It is good, right, and salutary to expose such horrible lies.  These kinds of lies are so dangerous because they sound so close to the truth.  But if Satan will masquerade as an angel of light, that means he will try to sound like God.  Be warned.  Keep alert.  Do not be deceived by Satan's lies, but expose them for what they are.

Sunday, November 3, 2013

Sermon -- 1st Sunday in End Times--Reformation (November 3, 2013)

JOHN 8:31-36

In the name + of Jesus.

     When Jesus preached to the people who were in the temple, he was preaching to church-goers.  He was not calling heathen nations who had never heard of the Lord.  He was calling Abraham’s children who knew and participated in the rites and ceremonies of temple worship.  These people would not have considered themselves lost or cursed or slaves.  They would have considered themselves the blessed, the chosen, and the pure.  The Pharisees said as much when they adamantly defended themselves.  They answered him, “We are offspring of Abraham and have never been enslaved to anyone.  How is it that you say, ‘You will become free’?” (John 8:33) 
     Many Jews were living under the assumption that God’s favor was theirs by right of birth.  They were born into Israel.  They were God’s chosen nation.  Heaven was supposed to be a guarantee.  The Pharisees recognized that being an Israelite was no guarantee.  Israelites in the past were rejected and banished because they had not kept the Law.  So the Pharisees made the laws more strict.  They thought that their pious demands and better behavior won them a better future.  They were convinced they were children of God, if not by right of birth then by right of their holier behavior.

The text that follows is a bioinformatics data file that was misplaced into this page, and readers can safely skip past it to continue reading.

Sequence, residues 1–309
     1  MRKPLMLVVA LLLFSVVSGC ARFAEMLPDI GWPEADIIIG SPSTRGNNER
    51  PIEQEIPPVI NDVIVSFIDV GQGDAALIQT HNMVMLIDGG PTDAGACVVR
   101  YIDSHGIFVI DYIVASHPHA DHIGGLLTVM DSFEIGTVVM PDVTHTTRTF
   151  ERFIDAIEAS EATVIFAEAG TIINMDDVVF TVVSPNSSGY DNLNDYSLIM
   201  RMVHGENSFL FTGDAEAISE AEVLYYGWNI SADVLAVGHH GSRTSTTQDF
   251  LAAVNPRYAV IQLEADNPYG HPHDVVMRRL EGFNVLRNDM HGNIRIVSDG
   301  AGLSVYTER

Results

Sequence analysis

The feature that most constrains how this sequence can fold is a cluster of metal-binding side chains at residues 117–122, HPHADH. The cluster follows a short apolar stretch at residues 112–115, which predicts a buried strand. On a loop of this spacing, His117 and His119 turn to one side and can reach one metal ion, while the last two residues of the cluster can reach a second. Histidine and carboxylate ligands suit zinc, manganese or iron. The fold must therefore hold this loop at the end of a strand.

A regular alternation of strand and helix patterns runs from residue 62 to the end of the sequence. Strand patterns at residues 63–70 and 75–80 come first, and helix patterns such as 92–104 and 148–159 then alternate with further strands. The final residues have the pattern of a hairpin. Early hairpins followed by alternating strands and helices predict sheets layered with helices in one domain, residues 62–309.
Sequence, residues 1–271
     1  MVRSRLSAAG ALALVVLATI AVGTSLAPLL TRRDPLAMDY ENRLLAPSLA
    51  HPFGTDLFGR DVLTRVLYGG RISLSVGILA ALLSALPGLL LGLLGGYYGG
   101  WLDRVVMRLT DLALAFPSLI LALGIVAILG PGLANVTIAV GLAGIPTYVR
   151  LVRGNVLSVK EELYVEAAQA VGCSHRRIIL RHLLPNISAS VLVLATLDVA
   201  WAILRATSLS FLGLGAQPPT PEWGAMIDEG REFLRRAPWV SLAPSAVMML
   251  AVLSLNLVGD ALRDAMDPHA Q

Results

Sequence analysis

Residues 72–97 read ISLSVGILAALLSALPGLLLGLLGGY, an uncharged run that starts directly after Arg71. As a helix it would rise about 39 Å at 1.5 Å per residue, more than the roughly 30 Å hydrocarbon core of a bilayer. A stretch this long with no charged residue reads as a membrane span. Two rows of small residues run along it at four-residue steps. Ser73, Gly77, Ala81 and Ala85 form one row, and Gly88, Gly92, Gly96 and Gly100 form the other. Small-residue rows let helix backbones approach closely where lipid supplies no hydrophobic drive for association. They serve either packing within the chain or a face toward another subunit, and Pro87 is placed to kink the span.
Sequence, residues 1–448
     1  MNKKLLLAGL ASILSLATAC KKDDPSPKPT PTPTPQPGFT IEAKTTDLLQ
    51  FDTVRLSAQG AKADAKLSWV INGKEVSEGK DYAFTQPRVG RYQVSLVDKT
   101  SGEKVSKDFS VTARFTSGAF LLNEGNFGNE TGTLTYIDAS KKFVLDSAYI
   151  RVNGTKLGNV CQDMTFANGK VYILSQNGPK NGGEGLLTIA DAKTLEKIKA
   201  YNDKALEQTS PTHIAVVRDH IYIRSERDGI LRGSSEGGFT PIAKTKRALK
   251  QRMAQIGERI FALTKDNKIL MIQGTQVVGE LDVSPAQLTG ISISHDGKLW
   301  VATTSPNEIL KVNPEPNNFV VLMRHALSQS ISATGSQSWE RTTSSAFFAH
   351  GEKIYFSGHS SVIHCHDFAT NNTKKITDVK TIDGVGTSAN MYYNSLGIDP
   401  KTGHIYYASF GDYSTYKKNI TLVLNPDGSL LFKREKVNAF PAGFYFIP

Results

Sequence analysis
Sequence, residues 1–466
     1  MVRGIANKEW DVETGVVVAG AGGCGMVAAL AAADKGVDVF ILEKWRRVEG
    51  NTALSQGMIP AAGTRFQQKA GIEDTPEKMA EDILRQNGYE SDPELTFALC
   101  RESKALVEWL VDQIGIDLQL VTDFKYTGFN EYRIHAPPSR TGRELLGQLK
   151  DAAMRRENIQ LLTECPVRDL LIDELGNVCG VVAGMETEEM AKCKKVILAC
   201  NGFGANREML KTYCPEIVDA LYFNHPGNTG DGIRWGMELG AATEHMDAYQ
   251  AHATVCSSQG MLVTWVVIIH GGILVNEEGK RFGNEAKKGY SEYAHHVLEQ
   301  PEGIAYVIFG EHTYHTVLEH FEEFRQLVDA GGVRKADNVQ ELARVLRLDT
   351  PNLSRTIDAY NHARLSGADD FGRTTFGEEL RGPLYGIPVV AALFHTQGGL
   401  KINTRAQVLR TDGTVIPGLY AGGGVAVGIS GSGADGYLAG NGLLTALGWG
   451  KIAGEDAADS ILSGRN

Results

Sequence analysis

So you can imagine their shock when Jesus pointed them in a different direction.  Jesus said to the Jews who had believed in him, “If you abide in my word, you are truly my disciple, and you will know the truth, and the truth will set you free.” (John 8:31-32)  Jesus told them to remain in his word.  In HIS word.  This claim meant that Jesus speaks a better word than God’s Law.  This claim meant that Jesus bestows God’s favor and imparts God’s salvation.  This claim meant that only Jesus could truly make someone a child of God.  And that is exactly what Jesus was saying.  Remain in Jesus’ word to remain children of God.
     There is nothing new under the sun.  People always think that a higher and holier life is what guarantees God’s favor and everlasting life.  In Luther’s day, the farmers and merchants were nothing compared to the monks and priests.  The monks and priests had a holier and higher life which, no doubt, put them closer to God.  So what were merchants and maids, farmers and frauleins to do?  Their holier and higher work was supposed to be found by making pilgrimages to various church and giving offerings to view sacred relics.  They were to contribute to the church coffers and purchase indulgences which were to grant them reprieve from the punishment of sins.  They were to pray to the saints who had done more good works than God had demanded, and by invoking the saints they could gain the benefit of their works.  It all sounded so pious and so sacred, and you can bet that the people sincerely devoted themselves to these things.  But they were all lies.  Jesus and his word were brushed aside for what were considered holier and higher things.  God’s favor is never found in relics, in indulgences, in pilgrimages, or in saints.  Martin Luther discovered and preached what Jesus plainly teaches: Remain in Jesus’ word to remain children of God.